Leadership – don’t believe the liars

hubrisThe moment you are a senior executive, ‘liars’ surround you. Many of the people report you are ‘lying’ to one degree or another or another-whether unconsciously (as a transferential reaction) or consciously (for political reasons). In hierarchical situations, people have a tendency to tell those above them what they think the superiors want to hear. People who don’t acknowledge this are fooling themselves. Eventually, because candour flees authority, senior executives who aren’t careful will find themselves surrounded by sycophants. And in senior positions of organisations, hubris can become a contagious disease. Leaders become easily intoxicated by its sirens call.

Intoxication and intimidation will go hand-in-hand. At its core is an unholy alliance between disposition and position. Subordinates become intimidated by the power and symbols of the office, and leaders become the vessel of their projected fantasies. Large, impressive office suites, chauffeur driven cars, private jets, dynamic assistants, and secretaries, who fawn and cater for all, contribute to that awe that surrounds many leaders. Power leads to dependency reactions and even physical illness in others.

Many top executives don’t , however, the extent to which people project their fantasies on them; how much subordinates are inclined to tell them what they want to hear as a way of dealing with their own feelings of insecurity and helplessness; how willing subordinates are to attribute special qualities to others simply because the office they hold.

Even those who recognise these tendencies don’t necessarily do anything to counter them. They start to like it, however their failure to recognise what is happening to them can lead a company astray and destroy it. Guarding against hubris means creating an organisational culture where Frank feedback is encouraged; where leaders are prepared to ask themselves whether their own need for recognition is encouraging dishonesty in the ranks.

(Extract from conference papers – Cambridge Judge Business School (University of Cambridge) –  Author – Professor Manfred F R Kets de Vries)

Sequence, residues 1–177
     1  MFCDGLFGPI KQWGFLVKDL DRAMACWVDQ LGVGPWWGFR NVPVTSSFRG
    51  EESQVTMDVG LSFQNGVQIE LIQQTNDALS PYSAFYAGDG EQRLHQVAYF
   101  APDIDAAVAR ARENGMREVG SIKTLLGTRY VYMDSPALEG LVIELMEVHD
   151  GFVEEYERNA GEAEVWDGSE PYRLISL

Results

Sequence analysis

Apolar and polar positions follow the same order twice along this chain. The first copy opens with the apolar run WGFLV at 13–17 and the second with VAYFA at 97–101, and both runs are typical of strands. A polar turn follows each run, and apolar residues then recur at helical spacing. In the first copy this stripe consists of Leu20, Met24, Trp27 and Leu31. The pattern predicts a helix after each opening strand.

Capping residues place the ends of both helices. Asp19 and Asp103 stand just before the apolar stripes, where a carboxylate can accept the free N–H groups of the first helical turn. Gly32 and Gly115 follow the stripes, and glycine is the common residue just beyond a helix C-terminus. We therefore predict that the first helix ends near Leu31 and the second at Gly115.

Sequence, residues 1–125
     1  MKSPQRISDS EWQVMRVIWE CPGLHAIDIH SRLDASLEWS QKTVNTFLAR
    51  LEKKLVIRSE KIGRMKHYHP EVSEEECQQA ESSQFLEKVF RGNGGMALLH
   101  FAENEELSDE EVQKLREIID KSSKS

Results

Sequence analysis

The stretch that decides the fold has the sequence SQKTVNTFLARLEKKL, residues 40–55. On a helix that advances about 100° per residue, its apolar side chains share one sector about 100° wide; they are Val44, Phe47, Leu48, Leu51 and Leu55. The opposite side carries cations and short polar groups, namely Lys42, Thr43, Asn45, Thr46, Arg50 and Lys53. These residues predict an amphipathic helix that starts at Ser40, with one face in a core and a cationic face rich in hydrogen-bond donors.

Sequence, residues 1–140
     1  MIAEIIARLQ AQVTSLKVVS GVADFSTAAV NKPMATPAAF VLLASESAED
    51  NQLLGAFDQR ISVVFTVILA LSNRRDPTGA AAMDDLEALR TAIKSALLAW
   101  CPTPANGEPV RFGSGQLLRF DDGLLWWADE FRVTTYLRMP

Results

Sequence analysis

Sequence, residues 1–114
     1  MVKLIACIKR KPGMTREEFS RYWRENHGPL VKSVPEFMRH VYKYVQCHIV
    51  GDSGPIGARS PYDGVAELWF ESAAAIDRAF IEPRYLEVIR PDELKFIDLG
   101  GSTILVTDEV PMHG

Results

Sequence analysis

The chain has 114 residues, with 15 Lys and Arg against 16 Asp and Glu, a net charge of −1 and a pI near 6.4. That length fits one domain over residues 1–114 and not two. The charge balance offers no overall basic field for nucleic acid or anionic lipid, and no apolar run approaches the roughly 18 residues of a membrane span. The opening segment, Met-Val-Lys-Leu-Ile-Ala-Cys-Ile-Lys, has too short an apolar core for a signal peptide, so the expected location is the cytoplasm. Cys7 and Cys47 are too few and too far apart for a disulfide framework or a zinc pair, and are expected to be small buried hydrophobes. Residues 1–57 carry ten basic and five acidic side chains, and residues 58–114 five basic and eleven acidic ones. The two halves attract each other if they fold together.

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Ego – The great leadership disability

Ego - The great leadership disability

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Primark, Dhaka (Bangladesh) disaster and leadership

Rana-Plaza--Bangladesh-building-collapse-jpgAt the time of writing, the tragic events in Dhaka Bangladesh following the collapse of factory buildings, have caused the deaths of 920 people. It is reported that bodies continue to be found and that the final death toll may be significantly higher. These are events of a monumental scale.

Clothing retailers such as Primark and many companies who use these factories as part of their supply chain have been severely criticised about their involvement in perpetuating the appalling standards of working conditions by taking advantage of the cheap production facilities. We have seen demonstrations outside their flagship stores and claims are being  made that if proper measures had been put in place by Primark, the disaster could have been avoided.

The knee-jerk reaction to apportion blame is a compelling one, however, we need to be very careful in apportioning total blame to them in this situation.

Primark have  already taken the lead out of all the Western clothing manufacturers to recognise that their activities may have contributed and have committed substantial assistance. Immediately after the disaster, they partnered with a local NGO to address the immediate needs of victims including the provision of food aid to families. They are also committing to pay compensation to the victims of the disaster and have made open-ended commitments to continue to do so. They seem to be leading the way in accepting their liability and as such should be commended in doing so, unlike other companies who are in the same situation.

However, this does not get away from the facts. Primark were using cheap labour, working in appalling conditions. It should not be a surprise that the building should also be an appalling state of repair. They have a liability, but their leadership have recognised and acted on this.

What is more important is that we reflect on the main cause of this disaster – ourselves.

The constant demand for cheap fashion items seems to be insatiable. However, we seem to be able to turn a blind eye to how their produced, as long as they’re cheap. On a global basis, there are very few people at the moment the who can honestly say that they don’t own the garment made in the sweatshops. And worse, we all know the conditions under which they are produced.  This also includes the demonstrators outside Primark offices, which is quite ironic.

We are all to blame!

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Leadership dysfunction and your organisation

dysfunctional leadershipBy Mike Myers published in Forbes……very good article        full article

Have you ever wondered why organizations tolerate dysfunctional leaders?  The answer is dysfunction is so prevalent it’s often not even recognized as problematic. Many corporations just desire leaders to go along and get along more than they desire them to lead. It saddens me to articulate this next thought – corporate leadership is rapidly becoming an oxymoron.